Jun 15, 9:32AM EDT0
Does writing energize or exhaust you? How does it make you feel?
Jun 14, 9:14PM EDT0

Neither, really.  It's satisfying to get the words out of my head and onto the manuscript, but I do get mentally tired after about 3 hoiurs of writing in one session.

Jun 15, 9:30AM EDT0
What is your all time favorite book and what is it about the book that you prefer?
Jun 14, 3:02AM EDT0

There's no one book that stands out.  I loved the Foundation Series, and most of Asomov's work, White Plague and The Dosadi Experiment (2nd of a 3-book series) by Frank Herbert, Time Enough for Love by Robert A. Heinlein, and The New Centuions and The Onion Field by Joseph Wambaugh.  All but the Foundation series had significant lead characters that interested me.

Jun 14, 8:21AM EDT0
How would you describe your main character, Pat Ruger? Who is he? What drives him?
Jun 13, 5:18PM EDT0

It's difficult to describe him in a short answer.  He evolves quite a bit in the book series.  Basically he is a middle-aged ex-cop who had to cope with his wife's passing.  He is a good man who is wise to the ways of the city and skeptical of higher government officials.  He is a reluctant hero, and would rather not be faced with that kind of praise.

Jun 13, 6:01PM EDT0
Was it always your intent to create a mystery saga or did you think about this idea after you published your first novel? How did you go about the saga's development?
Jun 13, 4:26PM EDT0

I had it in mind but wasn't sure the first book would be good enough to warrant a sequel, let alone a series.  The feedback from everyone told me to continue after the first book was released.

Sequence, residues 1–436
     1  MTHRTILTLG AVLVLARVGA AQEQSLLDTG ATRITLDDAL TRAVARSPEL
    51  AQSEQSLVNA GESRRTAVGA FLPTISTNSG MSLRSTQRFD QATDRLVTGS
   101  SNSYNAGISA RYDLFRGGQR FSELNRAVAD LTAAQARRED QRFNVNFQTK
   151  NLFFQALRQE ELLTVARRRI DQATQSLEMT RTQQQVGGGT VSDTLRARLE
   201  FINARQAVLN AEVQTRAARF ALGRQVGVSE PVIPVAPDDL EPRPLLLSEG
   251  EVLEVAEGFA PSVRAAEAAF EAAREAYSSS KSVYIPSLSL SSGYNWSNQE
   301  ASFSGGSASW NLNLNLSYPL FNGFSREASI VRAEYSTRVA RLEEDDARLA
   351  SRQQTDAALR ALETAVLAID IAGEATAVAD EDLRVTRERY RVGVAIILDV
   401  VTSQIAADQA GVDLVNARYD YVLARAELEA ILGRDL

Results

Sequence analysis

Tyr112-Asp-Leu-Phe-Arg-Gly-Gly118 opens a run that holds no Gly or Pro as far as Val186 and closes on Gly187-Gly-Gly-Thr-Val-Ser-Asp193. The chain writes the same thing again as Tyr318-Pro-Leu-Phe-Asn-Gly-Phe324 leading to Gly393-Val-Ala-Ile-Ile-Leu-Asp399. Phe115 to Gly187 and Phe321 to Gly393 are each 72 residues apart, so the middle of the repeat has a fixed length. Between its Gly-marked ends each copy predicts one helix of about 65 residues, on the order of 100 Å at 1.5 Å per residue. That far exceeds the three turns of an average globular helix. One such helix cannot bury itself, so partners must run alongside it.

Jun 13, 5:11PM EDT0
Do you enjoy using narrative devices like flashbacks or multiple voices in telling the story? What are your reasons for this?
Jun 13, 3:55PM EDT0

I really enjoy writing in first person for my mysteries, so there aren't multiple voices.  I can't speak for what I might do when I tackle my first sci-fi... I don't use flashbacks at all, mostly because my stories are told in past tense already.

Jun 13, 4:02PM EDT0
How do you keep your plots unpredictable without sacrificing plausibility?
Jun 13, 11:57AM EDT0

That's a difficult question to answer.  Some readers might disagree that my plots are plausible... I hope they are, but let's face it, this isn't the news and it's not a story based on facts.  I really focus on the characters and try to be true to their nature in any given situation.  The other thing is that I believe in coincidences and have no problem having them be part of my story.

Jun 13, 12:41PM EDT0
Are you currently writing anything new? If yes, when are you planning to release your latest book and how is it different and similar to your previous work?
Jun 13, 10:39AM EDT0

I am writing the 6th book in my Pat Ruger Mystery Series, which I will hopefully complete and publish by the end of summer.  One difference with this book is the the main character has moved into a motorhome to tour the country.  BTW, that plotline was developed well before my recent move into my own RV...

Jun 13, 10:48AM EDT0
Did you self-publish your books or did you go to a traditional publisher? What made you choose either?
Jun 13, 10:18AM EDT0

With the poetry market so weak, publishers weren't even accepting proposals for it, so I learned how to self-publish for them.  Once I wrote a novel I tried to get a traditional publisher without any luck.  I couldn't even get an agent to look atr my work.  There are literally millions of people writing and trying to get published around the world and it's like hitting the lottery if someone picks you up.  So, the choice to self-publish was made for me, and I already knew how to do it.

Jun 13, 10:45AM EDT0
How long on average does it take you to write a book? Do you use a computer or a typewriter? How many hours a day do you write when you are working on a project?
Jun 13, 10:16AM EDT0

Before I retired, I wrote my books almost entirely on lunch hours at work.  Now I'm trying to spend 3-4 hours per day just writing (plus marketing, which is also time consuming).  One of my books took only 4 months to write and another took 18, so there is no real average duration.  It takes what it takes.  I spent over 30 years in the IT industry, so obviously I used a computer.  I also self-publish on Amazon and CreateSpace, so a computer is required for those tasks.

Jun 13, 10:38AM EDT0